On Saturday, May 17, 2014, at 7:00p ET, Fault Lines' latest epsiode, "Water for Coal," premieres on Al Jazeera America.
Fault Lines traveled to West Virginia after January’s chemical spill to examine whether one industry’s hold on the state made this crisis inevitable.
Before tuning-in, catch up by reviewing some facts and figures regarding the chemical spill that led to a state of emergency being declared in the state.
1. On Jan. 9, 2014, a chemical spill of 4-Methylcyclohexanemethanol (MCHM) left 300,000 West Virginians without water for days.
About 300,000 people in nine counties entered their third day Saturday without being able to drink, bathe in, or wash dishes or clothes with their tap water after a foaming agent escaped a chemical tank belonging to Freedom Industries – a Charleston company that produces specialty chemicals for the mining, steel and cement industries – and seeped into the Elk River. The only allowed use of the water was for flushing toilets.
- Four hospitalized in West Virginia chemical spill, Al Jazeera America, January 11, 2014.
2. MCHM is a compound used to wash coal.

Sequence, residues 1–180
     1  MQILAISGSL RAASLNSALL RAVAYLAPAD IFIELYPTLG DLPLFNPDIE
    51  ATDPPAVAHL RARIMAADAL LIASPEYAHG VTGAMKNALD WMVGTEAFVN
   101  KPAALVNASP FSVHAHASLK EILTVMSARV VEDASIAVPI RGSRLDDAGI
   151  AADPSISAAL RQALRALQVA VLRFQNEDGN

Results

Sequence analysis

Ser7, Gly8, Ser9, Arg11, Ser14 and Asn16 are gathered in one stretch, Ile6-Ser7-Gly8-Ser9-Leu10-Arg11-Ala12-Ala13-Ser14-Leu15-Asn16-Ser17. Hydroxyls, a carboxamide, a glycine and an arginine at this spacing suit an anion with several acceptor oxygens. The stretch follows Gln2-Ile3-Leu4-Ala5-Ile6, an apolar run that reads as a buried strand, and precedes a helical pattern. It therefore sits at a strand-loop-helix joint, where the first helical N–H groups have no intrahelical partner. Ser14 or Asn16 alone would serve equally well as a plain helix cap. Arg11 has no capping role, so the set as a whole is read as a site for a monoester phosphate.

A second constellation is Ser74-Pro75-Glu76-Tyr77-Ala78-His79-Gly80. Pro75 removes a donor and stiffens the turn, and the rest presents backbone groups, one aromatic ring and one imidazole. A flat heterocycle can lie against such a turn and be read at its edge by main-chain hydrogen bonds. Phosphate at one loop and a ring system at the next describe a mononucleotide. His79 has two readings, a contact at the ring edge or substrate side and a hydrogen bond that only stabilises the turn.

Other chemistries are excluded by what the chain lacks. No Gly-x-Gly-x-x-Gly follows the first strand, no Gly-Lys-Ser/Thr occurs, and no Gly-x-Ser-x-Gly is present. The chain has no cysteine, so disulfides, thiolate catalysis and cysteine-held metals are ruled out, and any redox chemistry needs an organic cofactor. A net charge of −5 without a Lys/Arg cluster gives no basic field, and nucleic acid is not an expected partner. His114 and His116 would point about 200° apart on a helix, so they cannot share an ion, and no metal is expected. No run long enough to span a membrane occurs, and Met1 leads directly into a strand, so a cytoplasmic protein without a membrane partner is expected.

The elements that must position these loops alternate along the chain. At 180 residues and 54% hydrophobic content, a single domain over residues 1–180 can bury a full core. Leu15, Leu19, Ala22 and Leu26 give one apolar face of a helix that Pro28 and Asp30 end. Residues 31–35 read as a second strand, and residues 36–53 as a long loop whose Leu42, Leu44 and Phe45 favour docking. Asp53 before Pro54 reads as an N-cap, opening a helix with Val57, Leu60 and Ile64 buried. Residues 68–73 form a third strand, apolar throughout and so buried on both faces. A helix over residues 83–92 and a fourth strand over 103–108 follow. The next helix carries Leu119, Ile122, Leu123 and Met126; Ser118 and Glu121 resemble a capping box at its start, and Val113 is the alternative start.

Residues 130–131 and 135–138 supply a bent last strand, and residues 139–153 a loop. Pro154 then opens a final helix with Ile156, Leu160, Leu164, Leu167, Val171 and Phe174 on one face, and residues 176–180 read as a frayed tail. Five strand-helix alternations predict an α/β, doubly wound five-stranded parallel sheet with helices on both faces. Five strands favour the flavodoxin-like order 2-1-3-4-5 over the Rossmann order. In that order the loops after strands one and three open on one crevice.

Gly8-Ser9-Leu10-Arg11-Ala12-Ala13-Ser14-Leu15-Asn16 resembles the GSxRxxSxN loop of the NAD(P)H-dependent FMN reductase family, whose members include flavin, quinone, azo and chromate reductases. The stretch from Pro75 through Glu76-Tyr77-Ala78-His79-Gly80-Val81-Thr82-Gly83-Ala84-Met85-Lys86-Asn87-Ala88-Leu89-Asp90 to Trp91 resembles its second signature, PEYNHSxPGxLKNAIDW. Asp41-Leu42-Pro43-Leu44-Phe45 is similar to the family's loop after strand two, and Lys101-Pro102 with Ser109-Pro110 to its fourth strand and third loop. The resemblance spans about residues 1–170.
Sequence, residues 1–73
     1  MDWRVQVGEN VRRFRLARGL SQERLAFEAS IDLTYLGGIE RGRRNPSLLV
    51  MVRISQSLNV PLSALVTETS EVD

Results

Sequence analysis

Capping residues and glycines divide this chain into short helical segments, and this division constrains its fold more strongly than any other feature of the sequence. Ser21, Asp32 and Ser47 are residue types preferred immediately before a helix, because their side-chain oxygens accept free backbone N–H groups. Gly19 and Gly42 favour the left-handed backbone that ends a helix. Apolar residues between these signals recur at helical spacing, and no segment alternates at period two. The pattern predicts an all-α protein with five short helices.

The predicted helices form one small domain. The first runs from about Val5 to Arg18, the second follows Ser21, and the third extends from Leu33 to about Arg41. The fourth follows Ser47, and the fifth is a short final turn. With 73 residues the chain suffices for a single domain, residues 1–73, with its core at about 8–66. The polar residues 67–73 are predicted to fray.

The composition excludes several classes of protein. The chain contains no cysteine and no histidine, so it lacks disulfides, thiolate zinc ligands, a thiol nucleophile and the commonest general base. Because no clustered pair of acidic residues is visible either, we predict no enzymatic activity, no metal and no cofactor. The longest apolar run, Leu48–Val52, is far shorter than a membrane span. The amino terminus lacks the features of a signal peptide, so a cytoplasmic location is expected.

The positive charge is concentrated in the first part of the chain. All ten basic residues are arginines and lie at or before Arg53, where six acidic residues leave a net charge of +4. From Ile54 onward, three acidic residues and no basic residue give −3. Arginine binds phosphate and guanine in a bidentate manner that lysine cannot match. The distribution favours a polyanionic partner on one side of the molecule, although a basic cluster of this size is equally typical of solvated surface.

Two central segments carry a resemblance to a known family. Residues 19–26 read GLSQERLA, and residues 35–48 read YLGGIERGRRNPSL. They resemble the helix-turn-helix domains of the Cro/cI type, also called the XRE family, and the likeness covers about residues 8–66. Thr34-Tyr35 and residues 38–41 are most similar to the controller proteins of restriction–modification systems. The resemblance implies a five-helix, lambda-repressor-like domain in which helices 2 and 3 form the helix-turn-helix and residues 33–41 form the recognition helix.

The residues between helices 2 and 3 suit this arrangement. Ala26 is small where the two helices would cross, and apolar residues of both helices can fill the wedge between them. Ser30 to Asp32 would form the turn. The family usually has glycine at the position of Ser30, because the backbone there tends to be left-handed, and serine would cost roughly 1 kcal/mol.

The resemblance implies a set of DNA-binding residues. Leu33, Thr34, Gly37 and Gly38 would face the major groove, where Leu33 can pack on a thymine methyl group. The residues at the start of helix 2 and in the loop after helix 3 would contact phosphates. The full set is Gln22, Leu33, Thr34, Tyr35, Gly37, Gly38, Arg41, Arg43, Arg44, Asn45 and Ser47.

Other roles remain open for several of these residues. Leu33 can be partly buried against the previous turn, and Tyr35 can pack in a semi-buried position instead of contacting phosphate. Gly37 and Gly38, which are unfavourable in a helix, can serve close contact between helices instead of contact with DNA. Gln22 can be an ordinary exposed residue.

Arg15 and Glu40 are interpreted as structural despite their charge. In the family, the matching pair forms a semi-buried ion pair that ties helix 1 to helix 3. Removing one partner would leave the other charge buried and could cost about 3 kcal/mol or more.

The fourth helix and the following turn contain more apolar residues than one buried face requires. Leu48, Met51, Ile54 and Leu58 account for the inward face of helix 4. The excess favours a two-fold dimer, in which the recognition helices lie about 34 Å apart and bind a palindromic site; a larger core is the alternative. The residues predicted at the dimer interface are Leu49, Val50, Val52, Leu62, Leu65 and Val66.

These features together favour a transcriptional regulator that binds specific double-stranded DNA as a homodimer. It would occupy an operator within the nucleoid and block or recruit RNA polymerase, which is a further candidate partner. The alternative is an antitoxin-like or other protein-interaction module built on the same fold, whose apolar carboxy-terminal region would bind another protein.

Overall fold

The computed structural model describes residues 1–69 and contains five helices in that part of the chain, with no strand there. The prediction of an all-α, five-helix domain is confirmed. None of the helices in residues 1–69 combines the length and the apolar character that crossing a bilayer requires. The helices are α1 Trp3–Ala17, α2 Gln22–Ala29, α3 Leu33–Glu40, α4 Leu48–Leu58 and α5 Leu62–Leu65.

4-methylcyclohexane methanol, or MCHM, is a compound used to wash coal of impurities. It is known to pose a significant danger to humans in close contact. Short-term exposure can affect breathing, irritate the skin and eyes and cause skin rashes, and inhalation of the compound can damage vital organs and even prove fatal.
- West Virginia chemical spill declared federal disaster, Al Jazeera America, January 9, 2014.
3. The economic impact of the spill is estimated to be about $61 million.
The economic impact of the Jan. 9 chemical spill that contaminated the water supply for 300,000 people is $61 million, according to a preliminary study.
The Marshall University Center for Business and Economic Research conducted a preliminary investigation, which looked at establishments such as schools, medical offices, restaurants, hotels and some retail stores that needed clean water to provide service.
The CBER estimates the initial impact to be slightly more than $19 million for each business day during the "Do Not Use" water order issued for nine counties.
- Chem spill economic impact is $61 million, study says, The Charleston Gazette, February 4, 2014.
4. Each year the coal industry provides tens of thousands of West Virginian residents with jobs, supporting the state economy and providing power to millions of Americans.
The coal industry, however, says it’s the victim of overregulation and that it can’t be blamed for problems with the state’s water wells.
“It’s just ridiculous to make such an allegation,” said Bill Raney, president of the West Virginia Coal Association, an industry group.
Although the chemical that spilled Thursday is used in the processing of raw coal, he said that the two were unrelated.
“It has nothing to do with the mining industry. It happens to be a chemical that’s used in part of the mining process, but it has a lot of other purposes, including the purification of water.”